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Articles sur Water

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An orchard near Kettleman City in California’s San Joaquin Valley on April 2, 2021. Frederic J. Brown/AFP via Getty Images

Water wells are at risk of going dry in the US and worldwide

The US has one of the highest groundwater use rates in the world. When wells run dry, households may opt to conserve water, find new sources or sell and move.
The California Aqueduct, which carries water more than 400 miles south from the Sierra Nevada, splits as it enters Southern California at the border of Kern and Los Angeles counties. California DWR

Installing solar panels over California’s canals could yield water, land, air and climate payoffs

Installing solar panels over California's 4,000 miles of canals could generate less expensive, renewable energy, save water, fight climate change – and offer a solution for the thirsty American West.
Aerial view of Lake Powell on the Colorado River along the Arizona-Utah border. AP Photo/John Antczak

Interstate water wars are heating up along with the climate

The Supreme Court recently dealt defeat to Florida in its 20-year legal battle with Georgia over river water. Other interstate water contests loom, but there are no sure winners in these lawsuits.
Futures won’t affect whether there’s water in the hose. Bettmann/Getty Images

Why Wall Street investors’ trading California water futures is nothing to fear – and unlikely to work anyway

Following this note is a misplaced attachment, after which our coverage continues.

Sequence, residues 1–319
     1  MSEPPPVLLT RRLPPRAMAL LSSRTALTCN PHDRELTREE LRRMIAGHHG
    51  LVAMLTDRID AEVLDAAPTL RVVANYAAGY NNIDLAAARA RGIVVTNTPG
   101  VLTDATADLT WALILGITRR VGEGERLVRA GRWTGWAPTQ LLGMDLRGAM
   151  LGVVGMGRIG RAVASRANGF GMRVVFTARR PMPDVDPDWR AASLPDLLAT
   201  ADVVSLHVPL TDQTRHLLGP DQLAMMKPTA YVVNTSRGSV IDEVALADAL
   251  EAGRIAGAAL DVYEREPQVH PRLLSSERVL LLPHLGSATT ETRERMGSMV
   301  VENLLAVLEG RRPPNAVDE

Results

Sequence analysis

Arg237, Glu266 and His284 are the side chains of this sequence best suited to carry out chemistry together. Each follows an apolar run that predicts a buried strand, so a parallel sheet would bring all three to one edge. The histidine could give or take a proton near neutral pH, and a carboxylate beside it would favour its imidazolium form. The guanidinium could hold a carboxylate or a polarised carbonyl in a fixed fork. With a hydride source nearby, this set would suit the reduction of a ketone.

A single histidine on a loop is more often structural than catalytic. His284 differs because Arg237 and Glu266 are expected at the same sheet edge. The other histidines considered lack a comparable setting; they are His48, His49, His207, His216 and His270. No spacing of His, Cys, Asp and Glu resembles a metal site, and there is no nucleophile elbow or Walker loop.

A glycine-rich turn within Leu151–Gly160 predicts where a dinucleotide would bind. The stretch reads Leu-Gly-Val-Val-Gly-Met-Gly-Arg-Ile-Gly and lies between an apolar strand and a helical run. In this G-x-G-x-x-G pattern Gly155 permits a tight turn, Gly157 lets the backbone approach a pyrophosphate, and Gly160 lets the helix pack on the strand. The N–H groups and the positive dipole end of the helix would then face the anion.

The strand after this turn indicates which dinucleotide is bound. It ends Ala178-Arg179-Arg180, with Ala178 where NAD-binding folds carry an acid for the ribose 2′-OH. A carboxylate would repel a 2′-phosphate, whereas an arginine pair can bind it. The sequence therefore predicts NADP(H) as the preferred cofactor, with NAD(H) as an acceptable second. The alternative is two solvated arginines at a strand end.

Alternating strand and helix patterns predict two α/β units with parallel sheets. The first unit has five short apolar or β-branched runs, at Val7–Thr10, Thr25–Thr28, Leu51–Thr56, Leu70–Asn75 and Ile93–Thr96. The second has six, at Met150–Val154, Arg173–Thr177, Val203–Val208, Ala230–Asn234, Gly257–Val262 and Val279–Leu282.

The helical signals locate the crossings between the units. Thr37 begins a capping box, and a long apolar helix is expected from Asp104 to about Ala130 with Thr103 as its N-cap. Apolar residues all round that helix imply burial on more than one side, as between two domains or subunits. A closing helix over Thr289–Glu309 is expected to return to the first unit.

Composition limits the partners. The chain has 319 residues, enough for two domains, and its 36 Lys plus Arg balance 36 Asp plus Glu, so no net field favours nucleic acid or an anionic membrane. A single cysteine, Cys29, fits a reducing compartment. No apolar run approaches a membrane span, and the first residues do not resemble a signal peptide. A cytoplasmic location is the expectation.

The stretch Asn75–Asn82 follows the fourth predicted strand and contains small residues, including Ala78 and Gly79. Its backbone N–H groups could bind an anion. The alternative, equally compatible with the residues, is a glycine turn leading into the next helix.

The world's first futures market for water launched in California in December. Two commodities experts explain how it works, what the potential problems are and why there's no reason to freak out.
Shutterstock/ Nataly Reinch

Why South Africa needs a new water agency

The agency will ensure that large water users such as municipalities, public utilities and large companies continue to fund the construction and operation of the large water systems they depend on.
Where do the hydrogen and oxygen that make up the earth’s water come from? NASA Goddard/Flickr

Why is there water on Earth?

A recent study shows that the Earth's water could come directly from the oxygen and hydrogen present in the rocks that formed it, and not from a late supply by asteroids.
The greenhouse effect and plate tectonics are essential for maintaining water on the Earth’s surface. NASA/Goddard Space Flight Center/Reto Stöckli

Why is the Earth blue?

The presence of water on the Earth's surface is the result of a subtle balance between different mechanisms in the atmosphere and below the surface.

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